By Wendy Elliott
Halifax Cinemas in 1984, an exhibit of photographs by Fraser Ross, is showing in Jack's Gallery at the Al Whittle Theatre until Nov. 3.
A photographer and graphic designer, Ross took extensive photos at the Cove, Casino, Paramount and Hyland Theatres in 1984, when they were fully functioning.
His richly-coloured images depict the now abandoned Halifax cinema interiors. He said the old theatres, which are public venues and are unoccupied, are intriguing.
“The imagery is quite formal, static even, but the energy of the place can be felt in the shots,” he said. “Primarily because we only experience these places occupied.”
Almost 30 years ago, Ross said he had no sense of the future of these buildings.
“They were still an intrinsic part of social life in Halifax, reasonably well attended, with a strong enough community to support a repertory film theatre as well (Wormwoods Dog & Monkey).”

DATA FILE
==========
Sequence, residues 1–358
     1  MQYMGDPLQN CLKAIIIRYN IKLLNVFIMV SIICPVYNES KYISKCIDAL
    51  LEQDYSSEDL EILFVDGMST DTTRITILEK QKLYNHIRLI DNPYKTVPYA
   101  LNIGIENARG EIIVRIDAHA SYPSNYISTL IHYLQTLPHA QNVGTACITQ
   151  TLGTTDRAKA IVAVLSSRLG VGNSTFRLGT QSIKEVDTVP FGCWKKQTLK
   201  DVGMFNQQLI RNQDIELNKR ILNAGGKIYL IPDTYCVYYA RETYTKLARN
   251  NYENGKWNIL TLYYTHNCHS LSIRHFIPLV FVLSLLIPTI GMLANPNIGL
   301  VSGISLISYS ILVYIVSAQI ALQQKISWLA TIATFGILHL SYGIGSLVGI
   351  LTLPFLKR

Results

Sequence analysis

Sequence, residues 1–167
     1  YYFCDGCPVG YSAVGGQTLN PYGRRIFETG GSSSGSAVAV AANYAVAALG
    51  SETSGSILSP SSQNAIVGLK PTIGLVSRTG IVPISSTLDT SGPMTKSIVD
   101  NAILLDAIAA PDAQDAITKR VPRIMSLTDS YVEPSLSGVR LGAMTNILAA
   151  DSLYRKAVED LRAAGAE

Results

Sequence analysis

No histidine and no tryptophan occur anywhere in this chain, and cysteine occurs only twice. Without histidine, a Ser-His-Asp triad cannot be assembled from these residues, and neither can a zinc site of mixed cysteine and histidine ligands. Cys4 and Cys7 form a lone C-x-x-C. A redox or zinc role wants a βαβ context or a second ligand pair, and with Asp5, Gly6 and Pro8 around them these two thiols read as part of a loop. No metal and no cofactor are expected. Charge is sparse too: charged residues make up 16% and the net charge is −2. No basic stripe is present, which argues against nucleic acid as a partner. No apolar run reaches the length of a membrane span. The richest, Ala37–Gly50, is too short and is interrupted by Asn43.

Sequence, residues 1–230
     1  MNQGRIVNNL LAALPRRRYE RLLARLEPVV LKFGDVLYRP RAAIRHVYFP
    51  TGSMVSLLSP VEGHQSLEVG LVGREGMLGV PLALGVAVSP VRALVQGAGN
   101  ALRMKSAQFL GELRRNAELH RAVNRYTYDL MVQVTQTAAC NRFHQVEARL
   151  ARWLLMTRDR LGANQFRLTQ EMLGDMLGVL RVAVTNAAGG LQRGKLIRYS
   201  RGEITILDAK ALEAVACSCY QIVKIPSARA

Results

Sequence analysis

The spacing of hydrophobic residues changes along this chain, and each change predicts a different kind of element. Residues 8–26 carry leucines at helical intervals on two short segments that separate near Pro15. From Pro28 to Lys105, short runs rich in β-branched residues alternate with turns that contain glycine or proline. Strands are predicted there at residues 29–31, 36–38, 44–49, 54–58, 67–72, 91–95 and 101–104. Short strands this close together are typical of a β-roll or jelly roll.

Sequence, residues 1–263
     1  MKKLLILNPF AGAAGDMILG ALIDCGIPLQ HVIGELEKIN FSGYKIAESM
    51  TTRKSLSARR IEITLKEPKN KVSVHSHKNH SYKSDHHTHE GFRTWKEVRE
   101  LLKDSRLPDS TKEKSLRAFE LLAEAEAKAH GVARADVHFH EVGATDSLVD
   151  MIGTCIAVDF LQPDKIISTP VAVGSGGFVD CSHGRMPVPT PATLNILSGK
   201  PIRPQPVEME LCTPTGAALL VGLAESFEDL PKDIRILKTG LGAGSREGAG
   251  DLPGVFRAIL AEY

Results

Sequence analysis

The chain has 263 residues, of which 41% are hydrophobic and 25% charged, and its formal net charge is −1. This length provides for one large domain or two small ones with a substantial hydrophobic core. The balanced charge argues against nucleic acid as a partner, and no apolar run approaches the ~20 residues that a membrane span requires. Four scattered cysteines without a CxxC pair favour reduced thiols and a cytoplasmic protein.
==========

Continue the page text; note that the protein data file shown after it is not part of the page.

Built in 1948, the Cove is still standing and is now home to a TV network. The Casino, which opened in 1898, once held an audience of 1,000. It has since been torn down. The Hyland, meanwhile, burned down because of a smoldering popcorn machine.
Ross graduated from the Nova Scotia College of Art and Design in 1983, where he studied both photography and communication design.
“I've been making images off-and-on ever since,” he said.
As a designer, Ross said, the creative process is sometimes spontaneous, but more often requires considerable brain-time.
“Photography may require more thinking at the start, but the actual action is completely effortless, to me,” he said. “It's a viewpoint that's quite removed from the norm, a quiet middle space, quite meditative. When I'm shooting, it's like exercising, a very focused activity that doesn't allow anything else to intrude.”
The original artistic reason for shooting these images is still relevant, Ross believes, “but they've also become historic documents, evidence of another time. Funny how the meaning of images will change over time.”
He has also taken documentary photos at the old NSCC Bell Road campus and two Halifax high schools before they closed. Ross says there’s something about framing an image of “the man-made, however, prosaic, and giving it a bit of sparkle by looking at it with fresh eyes.”